is unacceptable.  Many residents have voiced dismay this is
the second time the yard has been vandalized and nothing
was done to install security cameras after the first major
incident. This time, the courier truck was burned and
damage occurred to other vehicles.

Police Chief Scott Gillen mentioned the incident but had no
further details on motives or suspects.  Security cameras
were discussed by the Council, but the focus was on
replacing cameras in Veterans Park which have been stolen. 
Town Manager Joe Heatherly was directed to investigate a
solution for Veterans Park, and the possibility that cameras
might be installed in the public works yard as well.

For now, Heatherly reports that he has left the pavillion
lights in place since the holidays at Veterans Park, which is
otherwise dark.  He reports that all other Christmas
decorations have been removed, and 24 potholes have been
filled, with the few remaining expected to be handled shortly.

Chief Gillen reported that for the week of February 15th
there were 94 calls for service, 13 citations, eight arrests, two
juvenile incidents, 16 traffic stops, 12 disturbances, two
alarm calls and one criminal damage. 

The Council saved the Town $12,000 a year in expenses.
They unanimously voted to end the $1,000 a month contract
with the Globe Fire Department for services.  Among the
issues mentioned were Globe's failing at helping create a
volunteer force for Miami, which was part of the agreement. 
Currently Miami has a beautiful fire truck, and no qualified
volunteer to drive it.  But fires in Miami will still be covered.
An agreement with Tri-Cities is in place, and assistance from
Globe, if needed, will be paid per occurrence.

Jameson Owen, from Kincaid, the construction firm
handling Phase Two of the sewer project, provided an
update.  Most everything is working according to plan, but
due to a few problems causing delays, they will miss the
June deadline for completion of Phase Two.

One of the major problems surfaced during digging. 
Caverns were discovered that must be filled, and tanks were
uncovered that must be removed.  Southwest Gas has agreed
to remove the line they installed in 2011 is in conflict with
Phase Two construction.  The problem with Arizona Eastern
Railway right of way permits has been resolved to the
approval of both the USDA and Wastewater Advisory Board.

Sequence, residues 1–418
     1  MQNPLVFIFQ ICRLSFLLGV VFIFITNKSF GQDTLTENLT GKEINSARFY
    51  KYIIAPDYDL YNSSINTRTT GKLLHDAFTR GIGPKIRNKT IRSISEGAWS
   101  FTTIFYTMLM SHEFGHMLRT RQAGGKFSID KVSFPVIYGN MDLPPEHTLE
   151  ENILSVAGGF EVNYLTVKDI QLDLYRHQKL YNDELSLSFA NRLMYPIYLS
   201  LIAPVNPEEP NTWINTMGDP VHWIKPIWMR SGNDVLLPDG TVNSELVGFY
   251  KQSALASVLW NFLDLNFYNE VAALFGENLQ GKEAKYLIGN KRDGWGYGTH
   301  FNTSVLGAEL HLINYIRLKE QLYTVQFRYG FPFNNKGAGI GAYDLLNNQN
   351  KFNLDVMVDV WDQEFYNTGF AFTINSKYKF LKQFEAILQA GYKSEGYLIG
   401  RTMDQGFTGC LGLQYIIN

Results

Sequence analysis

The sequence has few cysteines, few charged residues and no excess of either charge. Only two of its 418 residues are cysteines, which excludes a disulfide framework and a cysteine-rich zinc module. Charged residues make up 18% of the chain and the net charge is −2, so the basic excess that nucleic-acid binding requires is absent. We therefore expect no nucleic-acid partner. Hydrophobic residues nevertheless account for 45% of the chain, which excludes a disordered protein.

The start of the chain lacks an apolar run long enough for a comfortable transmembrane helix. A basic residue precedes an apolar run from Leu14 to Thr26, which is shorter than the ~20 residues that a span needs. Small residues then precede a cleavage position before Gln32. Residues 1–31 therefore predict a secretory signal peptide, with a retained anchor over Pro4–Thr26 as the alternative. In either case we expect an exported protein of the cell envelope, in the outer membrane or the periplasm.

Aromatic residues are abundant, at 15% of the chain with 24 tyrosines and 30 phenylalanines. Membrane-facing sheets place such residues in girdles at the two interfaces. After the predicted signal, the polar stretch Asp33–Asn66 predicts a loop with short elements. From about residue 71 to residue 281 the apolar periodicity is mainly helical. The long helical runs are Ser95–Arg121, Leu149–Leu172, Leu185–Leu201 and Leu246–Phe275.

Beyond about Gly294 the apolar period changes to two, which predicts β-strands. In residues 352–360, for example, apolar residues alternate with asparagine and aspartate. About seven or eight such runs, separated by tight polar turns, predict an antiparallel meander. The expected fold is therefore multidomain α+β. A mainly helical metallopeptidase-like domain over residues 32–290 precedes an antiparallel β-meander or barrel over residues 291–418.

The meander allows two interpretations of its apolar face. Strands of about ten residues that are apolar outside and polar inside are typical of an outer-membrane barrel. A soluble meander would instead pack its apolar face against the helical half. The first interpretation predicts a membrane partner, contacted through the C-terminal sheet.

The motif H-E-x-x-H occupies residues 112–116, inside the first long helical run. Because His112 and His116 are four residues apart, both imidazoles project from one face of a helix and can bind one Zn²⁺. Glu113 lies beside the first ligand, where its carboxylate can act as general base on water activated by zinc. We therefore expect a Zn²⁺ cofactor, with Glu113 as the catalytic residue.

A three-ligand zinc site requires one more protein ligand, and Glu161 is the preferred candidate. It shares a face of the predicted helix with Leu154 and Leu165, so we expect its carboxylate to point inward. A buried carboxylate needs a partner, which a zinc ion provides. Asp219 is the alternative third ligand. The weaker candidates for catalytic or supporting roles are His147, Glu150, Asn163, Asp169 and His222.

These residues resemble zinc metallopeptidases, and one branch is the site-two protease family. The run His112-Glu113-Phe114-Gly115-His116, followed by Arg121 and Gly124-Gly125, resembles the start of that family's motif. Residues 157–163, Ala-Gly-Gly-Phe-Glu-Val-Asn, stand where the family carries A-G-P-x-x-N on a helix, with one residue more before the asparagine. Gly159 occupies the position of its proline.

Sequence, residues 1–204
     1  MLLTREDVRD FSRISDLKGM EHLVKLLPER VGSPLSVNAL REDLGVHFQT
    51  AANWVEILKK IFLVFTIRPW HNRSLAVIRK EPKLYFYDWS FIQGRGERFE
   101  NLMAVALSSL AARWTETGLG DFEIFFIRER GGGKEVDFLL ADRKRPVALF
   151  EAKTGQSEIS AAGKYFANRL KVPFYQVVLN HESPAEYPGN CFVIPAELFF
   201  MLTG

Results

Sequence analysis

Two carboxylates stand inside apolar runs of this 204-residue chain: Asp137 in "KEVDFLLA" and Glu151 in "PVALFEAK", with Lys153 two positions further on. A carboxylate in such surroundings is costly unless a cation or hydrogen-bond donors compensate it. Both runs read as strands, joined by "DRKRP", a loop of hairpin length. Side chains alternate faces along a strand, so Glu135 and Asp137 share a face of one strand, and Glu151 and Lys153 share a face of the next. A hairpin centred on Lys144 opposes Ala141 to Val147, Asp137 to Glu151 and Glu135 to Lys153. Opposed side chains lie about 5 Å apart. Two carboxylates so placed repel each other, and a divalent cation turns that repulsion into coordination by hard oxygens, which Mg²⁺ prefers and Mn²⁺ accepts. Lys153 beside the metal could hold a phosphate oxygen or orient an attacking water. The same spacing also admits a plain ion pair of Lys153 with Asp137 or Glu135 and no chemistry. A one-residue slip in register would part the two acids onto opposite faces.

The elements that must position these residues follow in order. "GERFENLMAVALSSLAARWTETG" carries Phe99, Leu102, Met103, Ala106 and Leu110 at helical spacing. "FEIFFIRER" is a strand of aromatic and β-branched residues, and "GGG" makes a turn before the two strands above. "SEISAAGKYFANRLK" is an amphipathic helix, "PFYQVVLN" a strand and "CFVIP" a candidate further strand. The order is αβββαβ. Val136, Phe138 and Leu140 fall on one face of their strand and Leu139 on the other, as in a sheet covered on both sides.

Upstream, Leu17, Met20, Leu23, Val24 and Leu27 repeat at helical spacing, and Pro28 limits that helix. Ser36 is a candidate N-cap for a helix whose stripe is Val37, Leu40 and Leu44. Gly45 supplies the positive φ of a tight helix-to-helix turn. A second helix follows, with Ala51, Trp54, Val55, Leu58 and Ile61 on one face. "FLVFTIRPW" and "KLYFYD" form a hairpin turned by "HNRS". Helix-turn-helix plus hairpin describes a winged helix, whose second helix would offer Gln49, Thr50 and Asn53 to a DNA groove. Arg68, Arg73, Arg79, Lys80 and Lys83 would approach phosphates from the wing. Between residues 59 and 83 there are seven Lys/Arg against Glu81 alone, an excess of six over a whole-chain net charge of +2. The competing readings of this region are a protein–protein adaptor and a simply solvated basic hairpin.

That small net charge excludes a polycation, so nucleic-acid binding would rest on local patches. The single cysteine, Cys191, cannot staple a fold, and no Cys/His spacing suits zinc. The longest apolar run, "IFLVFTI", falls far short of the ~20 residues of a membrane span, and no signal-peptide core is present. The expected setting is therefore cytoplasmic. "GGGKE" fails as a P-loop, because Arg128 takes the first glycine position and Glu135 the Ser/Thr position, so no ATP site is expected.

And Miami's issues with AMEC also appear to be resolved
with a new AMEC manager in place.

There are 111 sewer accounts that are more than three
months past due, one of which owed the Town $23,000. 
That account recently made a $5,000 payment and promised
a plan for paying the remainder.  Letters go out next week to
accounts three months or more in arrears requesting payment
in five days, or service will be terminated. 

Miami and Gila County met about the Mackie Camp Bridge
and a new design proposal is in the works that can save
money for the Town.  During the Call to the Public, Bullion
Plaza Director Tom Foster brought up two items-problem
skateboarders and basement issues.  What is needed to
combat the skateboarders who use the Bullion Plaza steps
and railings is signage.  No signs saying skateboarding is
prohibited now exist.  As for abating the basement, Foster
reported plans to apply for a grant from Freeport McMoran
for removing hazardous material, including the old boiler

Michael 23 partner, JoAnna, requested adding the annual art
walk to the next agenda. 

Librarian Delvan Hayward announced that the library will be
closed this Friday due to an important meeting staff needs to
attend in Payson.  She also reported that the library has
switched phone companies. They're now using Vonage.  And
the White Elephant Sale will be held indoors at the Library
March 4th and 5th.

There's a new business coming to Miami. The Mayor
welcomed Bam's Leather & Pipes which is holding an open
house this Saturday, February 27th, from 10 AM to 2 PM on
Highway 60 at 300 W. Live Oak.